ISC chairman Barnaby Lenon has congratulated all A-level students for their efforts and says they — along with universities and employers — can be confident they have been awarded fair and accurate grades.
He spoke out as the backlash began over grade inflation that has meant nearly 45 per cent of A-level entries were awarded A or A* grades — a figure that reached 70 per cent in the independent sector.
Commentators have expressed concerns that the arrangements for assessment in Covid times, coupled with a gap in levels of provision, have led to a “chasm” opening between private and state schools.
Barnaby Lenon said: “Well done to every pupil receiving results. These young people, and their teachers, have worked hard in difficult circumstances and they now need to move forward with confidence in the grades they have achieved.
“Our focus is on celebrating the achievements of all pupils at every school, ensuring they have the support they may need to take their next steps in life.
“This has been another exceptional year, with an assessment system that has never been used before — one that Ofqual designed to be the best it deemed possible in particularly challenging circumstances. It would therefore be unwise to try and make comparisons with other years.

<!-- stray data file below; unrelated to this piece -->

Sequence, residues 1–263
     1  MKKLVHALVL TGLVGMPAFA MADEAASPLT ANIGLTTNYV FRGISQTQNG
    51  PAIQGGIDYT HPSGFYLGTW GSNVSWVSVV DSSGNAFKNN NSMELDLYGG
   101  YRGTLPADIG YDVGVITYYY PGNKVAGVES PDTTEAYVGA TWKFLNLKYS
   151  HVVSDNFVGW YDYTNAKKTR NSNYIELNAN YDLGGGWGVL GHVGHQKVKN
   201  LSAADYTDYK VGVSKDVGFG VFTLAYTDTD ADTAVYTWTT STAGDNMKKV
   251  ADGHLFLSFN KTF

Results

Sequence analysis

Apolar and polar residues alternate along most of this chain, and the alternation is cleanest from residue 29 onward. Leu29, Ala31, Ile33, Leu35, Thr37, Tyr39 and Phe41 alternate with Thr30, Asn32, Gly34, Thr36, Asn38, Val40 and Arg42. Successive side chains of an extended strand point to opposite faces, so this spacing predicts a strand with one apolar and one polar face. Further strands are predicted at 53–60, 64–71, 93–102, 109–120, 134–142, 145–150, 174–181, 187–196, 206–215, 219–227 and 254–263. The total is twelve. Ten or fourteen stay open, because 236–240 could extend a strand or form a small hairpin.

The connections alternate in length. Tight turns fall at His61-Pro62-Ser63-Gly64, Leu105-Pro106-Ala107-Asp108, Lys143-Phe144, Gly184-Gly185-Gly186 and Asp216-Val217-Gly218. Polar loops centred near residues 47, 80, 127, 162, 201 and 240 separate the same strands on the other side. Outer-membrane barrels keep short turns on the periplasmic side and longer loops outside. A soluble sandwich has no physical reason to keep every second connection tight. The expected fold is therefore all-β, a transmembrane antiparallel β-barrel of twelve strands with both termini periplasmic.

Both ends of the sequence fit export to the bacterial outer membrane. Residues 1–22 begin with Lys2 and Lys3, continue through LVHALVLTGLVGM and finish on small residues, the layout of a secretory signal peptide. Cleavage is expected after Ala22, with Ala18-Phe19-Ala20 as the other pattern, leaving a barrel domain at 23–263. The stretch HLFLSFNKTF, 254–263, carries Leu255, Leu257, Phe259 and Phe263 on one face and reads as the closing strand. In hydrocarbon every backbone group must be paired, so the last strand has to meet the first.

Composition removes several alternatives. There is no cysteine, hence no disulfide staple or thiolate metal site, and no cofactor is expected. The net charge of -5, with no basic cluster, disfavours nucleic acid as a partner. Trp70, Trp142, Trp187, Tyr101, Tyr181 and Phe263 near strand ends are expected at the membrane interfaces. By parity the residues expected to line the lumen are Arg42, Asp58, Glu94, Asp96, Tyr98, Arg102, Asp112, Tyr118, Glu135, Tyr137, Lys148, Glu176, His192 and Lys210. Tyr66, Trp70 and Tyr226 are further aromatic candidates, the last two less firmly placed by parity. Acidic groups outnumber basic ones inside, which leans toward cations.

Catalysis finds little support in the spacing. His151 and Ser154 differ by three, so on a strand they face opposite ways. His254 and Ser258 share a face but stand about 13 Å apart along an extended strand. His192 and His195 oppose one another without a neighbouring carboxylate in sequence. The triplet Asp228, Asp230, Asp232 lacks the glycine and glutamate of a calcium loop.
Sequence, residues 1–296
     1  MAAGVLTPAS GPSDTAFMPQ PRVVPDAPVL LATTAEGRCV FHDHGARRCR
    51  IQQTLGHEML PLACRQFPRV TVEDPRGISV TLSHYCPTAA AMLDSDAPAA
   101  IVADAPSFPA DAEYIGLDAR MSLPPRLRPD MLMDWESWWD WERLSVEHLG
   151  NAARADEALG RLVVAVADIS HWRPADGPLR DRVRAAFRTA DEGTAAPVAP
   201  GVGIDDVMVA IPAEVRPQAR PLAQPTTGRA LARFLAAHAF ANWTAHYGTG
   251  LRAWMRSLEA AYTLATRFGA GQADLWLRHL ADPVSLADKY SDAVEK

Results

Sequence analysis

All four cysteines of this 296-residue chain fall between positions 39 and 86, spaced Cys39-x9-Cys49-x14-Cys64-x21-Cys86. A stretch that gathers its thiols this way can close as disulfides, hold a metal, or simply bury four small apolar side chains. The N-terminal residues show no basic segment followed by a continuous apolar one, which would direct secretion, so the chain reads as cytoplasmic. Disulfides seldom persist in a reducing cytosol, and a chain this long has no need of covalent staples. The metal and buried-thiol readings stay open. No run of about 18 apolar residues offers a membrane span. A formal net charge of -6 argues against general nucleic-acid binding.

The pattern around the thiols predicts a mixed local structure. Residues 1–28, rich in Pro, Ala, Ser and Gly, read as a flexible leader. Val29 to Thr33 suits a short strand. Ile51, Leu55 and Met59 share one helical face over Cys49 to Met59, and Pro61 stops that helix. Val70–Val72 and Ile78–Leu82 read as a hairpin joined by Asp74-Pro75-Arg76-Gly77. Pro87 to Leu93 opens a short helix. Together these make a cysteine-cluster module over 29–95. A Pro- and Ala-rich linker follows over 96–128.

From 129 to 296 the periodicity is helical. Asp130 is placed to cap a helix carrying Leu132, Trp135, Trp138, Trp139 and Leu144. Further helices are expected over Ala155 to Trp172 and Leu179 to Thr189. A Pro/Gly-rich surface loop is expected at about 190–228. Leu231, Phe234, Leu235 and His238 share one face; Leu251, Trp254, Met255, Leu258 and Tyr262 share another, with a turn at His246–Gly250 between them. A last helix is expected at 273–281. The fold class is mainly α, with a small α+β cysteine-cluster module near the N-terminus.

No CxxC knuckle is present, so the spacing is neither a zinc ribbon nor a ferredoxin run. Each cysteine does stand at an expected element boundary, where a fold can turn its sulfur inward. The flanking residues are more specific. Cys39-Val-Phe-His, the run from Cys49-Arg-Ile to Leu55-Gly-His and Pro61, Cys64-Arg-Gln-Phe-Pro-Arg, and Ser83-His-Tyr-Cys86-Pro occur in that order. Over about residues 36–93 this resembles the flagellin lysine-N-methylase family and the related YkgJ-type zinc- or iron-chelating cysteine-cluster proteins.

“This year’s assessment process required the same approach from every school; to collect a portfolio of evidence to support grade decisions and to have several teachers review grade determinations before they are signed off by heads of subject or another designated teacher.
“Grades were then submitted to exam boards, which would look for unusual grade profiles and investigate where appropriate as part of the external quality assurance process. Ofqual’s own analysis found, irrespective of the type of school or college, the grades were largely supported by the quality of students’ work. We also now know that less than 1 per cent of schools were asked to change their A-level grades as a result of this process.
“Students can have confidence they have been awarded fair and accurate grades, and so can universities and employers.”